The first dental school scholarship offered through the United Negro College Fund has a remarkable namesake, strong support and big ambitions.
ALTHOUGH DIVERSITY in dentistry has been increasing over the last 15 years, according to the American Dental Association Health Policy Institute, “the racial mix of the dentist workforce does not reflect the United States population.”
The Dr. Robert Tanner Freeman Endowment aims to change that through greater access to higher education. Its goal is to help end underrepresentation of black, native, indigenous and Latino communities in dental schools by providing financial support and mentoring to aspiring dental students. Created in partnership with the Dental Trade Alliance Foundation with major funding from the Benco Family Foundation, the scholarship selected its first two recipients as this issued headed to press: Destiny Smart (Tufts University) and Noah Williams (Howard University).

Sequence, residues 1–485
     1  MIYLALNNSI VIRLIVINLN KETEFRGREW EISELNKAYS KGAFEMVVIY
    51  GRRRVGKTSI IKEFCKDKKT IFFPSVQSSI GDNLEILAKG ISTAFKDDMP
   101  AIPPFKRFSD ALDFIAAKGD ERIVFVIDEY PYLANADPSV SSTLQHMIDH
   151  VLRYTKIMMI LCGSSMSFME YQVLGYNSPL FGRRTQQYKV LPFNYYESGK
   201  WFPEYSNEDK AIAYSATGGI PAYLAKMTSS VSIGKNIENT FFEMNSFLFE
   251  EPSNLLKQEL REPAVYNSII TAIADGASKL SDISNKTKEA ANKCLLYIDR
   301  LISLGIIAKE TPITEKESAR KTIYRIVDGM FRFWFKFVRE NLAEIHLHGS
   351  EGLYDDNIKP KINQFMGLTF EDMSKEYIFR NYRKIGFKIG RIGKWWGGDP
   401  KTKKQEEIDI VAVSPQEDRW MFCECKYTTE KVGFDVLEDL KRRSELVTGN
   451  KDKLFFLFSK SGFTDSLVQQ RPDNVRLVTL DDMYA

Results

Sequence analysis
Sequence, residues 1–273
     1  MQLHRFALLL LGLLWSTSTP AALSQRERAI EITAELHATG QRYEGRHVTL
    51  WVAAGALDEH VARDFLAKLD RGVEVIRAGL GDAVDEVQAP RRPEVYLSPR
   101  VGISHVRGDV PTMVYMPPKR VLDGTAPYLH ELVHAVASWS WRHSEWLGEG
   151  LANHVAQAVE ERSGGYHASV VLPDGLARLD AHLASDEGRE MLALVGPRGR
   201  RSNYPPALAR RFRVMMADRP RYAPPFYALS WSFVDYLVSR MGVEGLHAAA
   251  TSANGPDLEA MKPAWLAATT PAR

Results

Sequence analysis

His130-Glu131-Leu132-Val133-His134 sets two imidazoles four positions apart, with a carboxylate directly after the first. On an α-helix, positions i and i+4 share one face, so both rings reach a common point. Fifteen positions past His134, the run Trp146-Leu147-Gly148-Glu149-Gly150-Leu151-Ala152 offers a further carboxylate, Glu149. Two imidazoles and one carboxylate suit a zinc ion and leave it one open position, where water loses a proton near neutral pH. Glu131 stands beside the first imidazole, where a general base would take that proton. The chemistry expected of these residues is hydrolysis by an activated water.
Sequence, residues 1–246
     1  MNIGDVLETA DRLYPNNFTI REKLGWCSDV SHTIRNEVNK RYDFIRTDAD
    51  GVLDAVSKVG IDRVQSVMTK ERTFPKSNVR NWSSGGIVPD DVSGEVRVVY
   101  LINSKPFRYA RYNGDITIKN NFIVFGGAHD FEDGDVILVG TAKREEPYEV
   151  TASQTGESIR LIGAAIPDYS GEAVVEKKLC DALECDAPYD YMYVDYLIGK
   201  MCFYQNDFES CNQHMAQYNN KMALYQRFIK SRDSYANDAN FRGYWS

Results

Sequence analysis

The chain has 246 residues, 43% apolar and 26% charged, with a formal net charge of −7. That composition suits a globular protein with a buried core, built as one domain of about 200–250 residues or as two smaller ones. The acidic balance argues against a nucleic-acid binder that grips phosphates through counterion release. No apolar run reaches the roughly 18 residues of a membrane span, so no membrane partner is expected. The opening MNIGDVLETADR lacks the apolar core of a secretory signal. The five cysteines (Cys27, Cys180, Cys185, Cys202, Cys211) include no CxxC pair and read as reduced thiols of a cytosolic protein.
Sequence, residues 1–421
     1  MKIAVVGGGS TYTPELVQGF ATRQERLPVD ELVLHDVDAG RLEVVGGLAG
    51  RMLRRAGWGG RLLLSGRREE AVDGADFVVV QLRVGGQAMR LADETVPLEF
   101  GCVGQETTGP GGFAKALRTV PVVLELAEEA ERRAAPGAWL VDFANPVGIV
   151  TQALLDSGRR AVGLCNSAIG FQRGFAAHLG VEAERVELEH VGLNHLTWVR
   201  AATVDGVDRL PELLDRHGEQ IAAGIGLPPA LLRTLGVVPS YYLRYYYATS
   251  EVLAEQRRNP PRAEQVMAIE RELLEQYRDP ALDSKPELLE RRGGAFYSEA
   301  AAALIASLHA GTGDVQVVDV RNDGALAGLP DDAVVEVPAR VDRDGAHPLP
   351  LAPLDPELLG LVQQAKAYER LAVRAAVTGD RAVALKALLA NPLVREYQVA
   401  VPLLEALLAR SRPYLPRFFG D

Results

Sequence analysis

Robert Tanner Freeman was the first African-American to receive a degree in dentistry from an academic institution. Born around 1846 in Washington, D.C., he trained under Dr. Henry Bliss Noble, who encouraged him to formally train for a dental career. Freeman applied to two schools and was rejected because of his race. He then applied to Harvard Dental School after its founding, and in March 1869, he was one of only six students to receive the Doctor of Dental Medicine degree. After graduation, Tanner moved back to D.C. and practiced dentistry until his death on June 14, 1873.
“The Benco Family Foundation recognizes the problems: lack of underrepresented minorities—primarily black/African-American, native/indigenous and Latino—and the tuition barrier,” says Rebecca Binder, executive director of the Benco Family Foundation. “The BFF wants to be part of the solution by helping create the Dr. Robert Tanner Freeman Scholarship.”
Adds Sarah Miller, the Dental Trade Alliance Foundation’s executive director, “By helping historically underrepresented minority students start their dental school journey, the new Dr. Robert Tanner Freeman scholarship has the potential to [affect] access to the dental profession for years to come.”